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Friday, April 15, 2016

Bob Marley Weed is Here — And You Can Buy Some

Posted By on Fri, Apr 15, 2016 at 3:40 PM

  • Jessica Christian/SF Examiner
  • Lively up your stash.

If you hadn't heard, the estate of one Robert Nesta "Bob" Marley — reggae music superstar, cultural icon, and reputed cannabis smoker — has its very own Bob Marley-branded line of cannabis and cannabis-related products (backed by $75 million in venture capital, including investment from Peter Thiel's Founders Fund).

And starting today, you can buy Marley Natural rolling trays, pipes, topical lotions, and — of course — marijuana in San Francisco.

The Marley family-approved red, gold, and green (if you know what I mean) rolled into select Bay Area medical cannabis dispensaries this week. (Sorry: it's not Jamaican collie; just mere California outdoor, grown by selected local cultivators. Which means it's better than Jamaican weed.)

There is already Bob Marley-branded just about everything — including Jamaica-bred consumables like coffee — so cannabis was a natural next step. But Marley Natural is making pains to have it known that it's not just about selling weed — or pure corporate culture.

"This is not Big Pot buying out Bob Marley," said Tahira Rehmatullah, the brand's general manager.

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Tuesday, March 29, 2016

NAACP Leader Calls For Medical Marijuana Industry to Get a Black Business Owner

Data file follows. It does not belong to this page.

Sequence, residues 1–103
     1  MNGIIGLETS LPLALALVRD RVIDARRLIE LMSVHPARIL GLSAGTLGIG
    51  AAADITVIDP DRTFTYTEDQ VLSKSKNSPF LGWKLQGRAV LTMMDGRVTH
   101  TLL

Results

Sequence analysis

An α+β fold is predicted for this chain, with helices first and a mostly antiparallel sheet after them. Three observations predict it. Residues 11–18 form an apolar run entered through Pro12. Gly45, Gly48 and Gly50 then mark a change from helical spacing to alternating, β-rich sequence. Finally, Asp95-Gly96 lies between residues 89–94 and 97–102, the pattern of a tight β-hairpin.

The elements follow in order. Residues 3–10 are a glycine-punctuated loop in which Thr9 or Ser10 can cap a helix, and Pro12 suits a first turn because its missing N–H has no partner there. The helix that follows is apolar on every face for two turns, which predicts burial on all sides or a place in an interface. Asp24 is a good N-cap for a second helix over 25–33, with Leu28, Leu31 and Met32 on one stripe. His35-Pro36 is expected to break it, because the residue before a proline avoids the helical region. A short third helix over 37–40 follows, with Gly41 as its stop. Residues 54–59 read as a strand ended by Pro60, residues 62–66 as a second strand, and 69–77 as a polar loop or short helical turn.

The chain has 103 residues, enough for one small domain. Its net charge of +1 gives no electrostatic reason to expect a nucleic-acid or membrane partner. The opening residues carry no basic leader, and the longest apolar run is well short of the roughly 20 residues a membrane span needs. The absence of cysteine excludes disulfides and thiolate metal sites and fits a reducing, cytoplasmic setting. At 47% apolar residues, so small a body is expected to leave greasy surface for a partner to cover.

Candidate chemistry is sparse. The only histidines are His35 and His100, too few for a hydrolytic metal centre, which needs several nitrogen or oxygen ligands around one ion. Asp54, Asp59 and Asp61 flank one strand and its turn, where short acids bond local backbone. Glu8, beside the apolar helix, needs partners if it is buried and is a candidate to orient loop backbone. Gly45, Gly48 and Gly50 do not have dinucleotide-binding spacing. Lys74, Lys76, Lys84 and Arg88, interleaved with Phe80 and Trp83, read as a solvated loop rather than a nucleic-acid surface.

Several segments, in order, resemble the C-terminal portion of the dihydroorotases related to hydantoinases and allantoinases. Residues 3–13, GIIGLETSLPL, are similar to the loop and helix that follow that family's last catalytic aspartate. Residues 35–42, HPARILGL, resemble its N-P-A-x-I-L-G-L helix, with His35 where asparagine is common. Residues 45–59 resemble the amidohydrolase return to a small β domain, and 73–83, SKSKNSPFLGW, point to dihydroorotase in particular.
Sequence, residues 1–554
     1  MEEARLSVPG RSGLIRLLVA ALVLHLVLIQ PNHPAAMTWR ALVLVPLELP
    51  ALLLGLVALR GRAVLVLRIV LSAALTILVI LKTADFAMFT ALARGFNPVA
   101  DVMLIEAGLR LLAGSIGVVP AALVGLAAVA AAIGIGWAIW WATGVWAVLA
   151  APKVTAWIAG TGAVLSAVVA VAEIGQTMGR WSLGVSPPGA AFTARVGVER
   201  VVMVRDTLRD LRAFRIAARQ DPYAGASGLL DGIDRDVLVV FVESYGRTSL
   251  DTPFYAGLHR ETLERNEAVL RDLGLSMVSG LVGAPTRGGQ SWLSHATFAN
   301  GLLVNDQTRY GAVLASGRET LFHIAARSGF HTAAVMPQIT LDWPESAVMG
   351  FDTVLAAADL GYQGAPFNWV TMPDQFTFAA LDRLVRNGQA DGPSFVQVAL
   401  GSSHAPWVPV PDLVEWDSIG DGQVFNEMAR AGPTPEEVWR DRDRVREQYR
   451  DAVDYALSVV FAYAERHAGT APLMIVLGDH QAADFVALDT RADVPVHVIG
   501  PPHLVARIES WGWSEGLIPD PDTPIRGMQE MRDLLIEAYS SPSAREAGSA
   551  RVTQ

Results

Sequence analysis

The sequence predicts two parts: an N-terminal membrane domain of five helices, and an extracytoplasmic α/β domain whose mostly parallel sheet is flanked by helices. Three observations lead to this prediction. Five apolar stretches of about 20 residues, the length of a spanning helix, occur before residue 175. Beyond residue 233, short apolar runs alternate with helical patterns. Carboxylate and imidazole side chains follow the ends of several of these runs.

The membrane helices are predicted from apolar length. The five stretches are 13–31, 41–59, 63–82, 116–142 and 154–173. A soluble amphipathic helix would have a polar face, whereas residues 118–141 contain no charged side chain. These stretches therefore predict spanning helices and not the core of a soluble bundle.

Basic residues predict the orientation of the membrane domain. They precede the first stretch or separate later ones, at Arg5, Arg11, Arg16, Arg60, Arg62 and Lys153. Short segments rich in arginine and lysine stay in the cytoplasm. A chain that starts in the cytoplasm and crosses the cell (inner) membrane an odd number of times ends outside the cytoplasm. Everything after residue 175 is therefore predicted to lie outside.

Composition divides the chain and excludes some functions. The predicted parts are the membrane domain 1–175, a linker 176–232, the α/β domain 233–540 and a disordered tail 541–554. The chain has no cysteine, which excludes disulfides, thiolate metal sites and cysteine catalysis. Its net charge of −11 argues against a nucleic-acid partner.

Posted By on Tue, Mar 29, 2016 at 5:35 PM

  • Gabrielle Lurie/SF Examiner file photo
  • Rev. Amos Brown, left.

California's multibillion-dollar medical cannabis industry is largely a white man's game. It's rare to see a person of color owning a marijuana dispensary or running a major cannabis business; most black and brown people you see in the industry are working security or maybe behind the budtenders' counter. 

The fact that the Green Rush is more of a White Rush is not news. One of the organizers at a marijuana investors' summit last year joked that the event was "the most white and male convention you can go to." Citing its own research, BuzzFeed reported fewer than 1 percent of the country's estimated 3,200 to 3,600 dispensaries are black-owned. We can name a single black-owned dispensary in Oakland; and according to our own informal count, as many as 22 of San Francisco's 28 dispensaries are owned by whites (though a couple are Russian, so there's that).

At least one black entrepreneur is trying to open up a dispensary in San Francisco, and civil rights leaders are taking notice. The cannabis industry is "another table we are not invited to sit at," according to Rev. Amos C. Brown, the head of the San Francisco NAACP, who urged city planning officials to approve Tikisha Ong's effort to open up a dispensary in the Outer Mission "without delay."

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Tuesday, March 8, 2016

Supervisor: Homelessness is in "State of Emergency" in SF

Posted By on Tue, Mar 8, 2016 at 11:01 AM

  • Mike Koozmin/SF Examiner

Supervisor David Campos says homelessness in San Francisco has reached a state of emergency. He is blaming Mayor Ed Lee for not doing enough to alleviate the problem, while calling on his colleagues on the board to take immediate action to help those living on the streets.

Declaring a state of emergency — the kind of proclamation usually reserved for the aftermath of a natural disaster — would be unique for addressing homelessness. It would cut out much of the red tape that slows government-led projects. In Campos’ mind, it would mean the city could immediately build more of the popular Navigation Centers on municipal property.

Campos’ move could create controversy for several reasons, not the least of which is the plan to build a shelter for alcoholics and one for intravenous drug users. As the San Francisco Chronicle reported, people would be able to drink and safely inject drugs at the respective sites.